Methodology – IB PYP

IB World School – PYP

ABA Global School Students learn content across the six transdisciplinary themes comprehensively, which serve as a structure around which the curriculum is organized, that guarantees the formation of research and knowledge building in the PYP – Primary Years Program.

These six themes are part of the common basis and unify the ABA Global School program, for the Early and Elementary Years.

The six themes are: Who we are; Where we are in place and time; How we Express ourselves; How the world works; How we organize ourselves; Sharing the planet.


The curriculum is presented in three connected components:

  • What do you want to learn? Written Curriculum

    In the written curriculum there’s a balance between knowledge creation and essential abilities, the development of concept comprehension, a demonstration of positive attitudes and responsible action taking. To reach this balance, there is an emphasis on the five essential elements of the writing curriculum: knowledge, concepts, abilities, attitude and action.
  • What’s the best way to learn? Curriculum Taught

    The six transdisciplinary themes help teachers to develop an inquiry program that works with important ideas identified by the teachers, which require a high rate of student involvement. The inquiry units are open, and provide an awareness of the issues raised and are performed over the course of about six weeks.
  • How do we know what we learn? Assessed Curriculum

    Evaluation is a relevant part of the units of inquiry, reinforcing learning and offering students the opportunity to reflect about what they know, what they understand and what they can do.

Learner profile

The students learn to be:

They develop their natural curiosity. They acquire the skills necessary to conduct inquiry and research and show independence in learning. They actively enjoy learning and this love of learning will be sustained throughout their lives.


They exercise initiative in applying thinking skills critically and creatively to recognize and approach complex problems, and make reasoned, ethical decisions.


They understand and express ideas and information confidently and creatively in more than one language and in a variety of modes of communication. They work effectively and willingly in collaboration with others.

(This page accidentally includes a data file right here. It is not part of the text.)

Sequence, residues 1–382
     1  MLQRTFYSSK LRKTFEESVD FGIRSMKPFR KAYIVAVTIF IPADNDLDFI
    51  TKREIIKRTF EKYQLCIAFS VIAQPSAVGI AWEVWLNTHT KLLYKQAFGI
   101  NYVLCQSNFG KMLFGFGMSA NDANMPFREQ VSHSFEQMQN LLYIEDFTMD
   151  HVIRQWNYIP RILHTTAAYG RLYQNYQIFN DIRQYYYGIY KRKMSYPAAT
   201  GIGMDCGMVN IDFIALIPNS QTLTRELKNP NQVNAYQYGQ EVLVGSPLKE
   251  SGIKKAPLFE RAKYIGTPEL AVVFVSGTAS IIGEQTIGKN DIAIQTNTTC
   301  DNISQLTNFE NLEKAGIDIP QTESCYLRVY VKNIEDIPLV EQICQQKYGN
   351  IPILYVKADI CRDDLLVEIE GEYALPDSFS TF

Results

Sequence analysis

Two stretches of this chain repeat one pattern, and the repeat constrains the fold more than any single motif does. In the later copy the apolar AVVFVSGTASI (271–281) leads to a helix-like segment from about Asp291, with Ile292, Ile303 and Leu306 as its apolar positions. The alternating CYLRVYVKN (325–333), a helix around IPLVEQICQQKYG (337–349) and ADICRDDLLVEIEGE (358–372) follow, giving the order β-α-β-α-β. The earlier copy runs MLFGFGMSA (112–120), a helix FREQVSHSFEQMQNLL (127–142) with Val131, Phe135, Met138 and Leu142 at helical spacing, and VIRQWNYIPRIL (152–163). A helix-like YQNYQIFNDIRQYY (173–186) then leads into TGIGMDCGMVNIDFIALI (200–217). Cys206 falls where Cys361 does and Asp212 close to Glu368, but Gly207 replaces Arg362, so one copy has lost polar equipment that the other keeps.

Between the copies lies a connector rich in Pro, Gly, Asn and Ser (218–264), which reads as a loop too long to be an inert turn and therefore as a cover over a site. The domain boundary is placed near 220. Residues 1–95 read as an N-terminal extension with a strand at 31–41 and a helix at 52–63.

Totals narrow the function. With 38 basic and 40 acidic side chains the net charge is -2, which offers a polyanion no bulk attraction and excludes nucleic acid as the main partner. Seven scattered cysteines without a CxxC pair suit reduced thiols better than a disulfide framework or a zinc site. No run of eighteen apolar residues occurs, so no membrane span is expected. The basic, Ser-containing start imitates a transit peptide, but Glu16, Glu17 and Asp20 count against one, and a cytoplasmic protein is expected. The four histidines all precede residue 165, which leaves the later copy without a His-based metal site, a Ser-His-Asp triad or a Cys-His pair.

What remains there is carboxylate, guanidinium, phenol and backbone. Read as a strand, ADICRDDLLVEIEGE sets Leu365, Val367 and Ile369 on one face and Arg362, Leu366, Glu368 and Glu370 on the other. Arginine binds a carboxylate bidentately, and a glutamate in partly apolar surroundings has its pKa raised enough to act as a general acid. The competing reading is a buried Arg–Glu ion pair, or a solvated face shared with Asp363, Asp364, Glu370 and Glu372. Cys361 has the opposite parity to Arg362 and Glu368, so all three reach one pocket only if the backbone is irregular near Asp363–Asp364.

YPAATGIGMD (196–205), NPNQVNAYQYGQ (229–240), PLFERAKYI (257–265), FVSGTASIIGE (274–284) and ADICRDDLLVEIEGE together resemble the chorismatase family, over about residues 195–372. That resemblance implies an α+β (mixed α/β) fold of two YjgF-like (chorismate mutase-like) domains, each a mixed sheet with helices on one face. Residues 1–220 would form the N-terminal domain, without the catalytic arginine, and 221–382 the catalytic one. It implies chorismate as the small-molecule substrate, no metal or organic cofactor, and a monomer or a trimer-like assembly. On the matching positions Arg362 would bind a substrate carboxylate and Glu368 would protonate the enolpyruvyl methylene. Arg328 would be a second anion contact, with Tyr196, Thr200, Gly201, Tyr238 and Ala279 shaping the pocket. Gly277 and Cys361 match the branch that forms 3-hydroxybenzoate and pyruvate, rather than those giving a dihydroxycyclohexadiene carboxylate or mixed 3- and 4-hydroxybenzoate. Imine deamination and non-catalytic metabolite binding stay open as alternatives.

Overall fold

They approach unfamiliar situations and uncertainty with courage and forethought, and have the independence of spirit to explore new roles, ideas and strategies. They are brave and articulate in defending their beliefs.


They explore concepts, ideas and issues that have local and global significance. In so doing, they acquire in-depth knowledge and develop understanding across a broad and balanced range of disciplines.


They act with integrity and honesty, with a strong sense of fairness, justice and respect for the dignity of the individual, groups and communities. They take responsibility for their own actions and the consequences that accompany them.


They show empathy, compassion and respect towards the needs and feelings of others. They have a personal commitment to service, and act to make a positive difference to the lives of others and to the environment.


They understand and appreciate their own cultures and personal histories, and are open to the perspectives, values and traditions of other individuals and communities. They are accustomed to seeking and evaluating a range of points of view, and are willing to grow from the experience.


They understand the importance of intellectual, physical and emotional balance to achieve personal well-being for themselves and others.


They give thoughtful consideration to their own learning and experience. They are able to assess and understand their strengths and limitations in order to support their learning and personal development.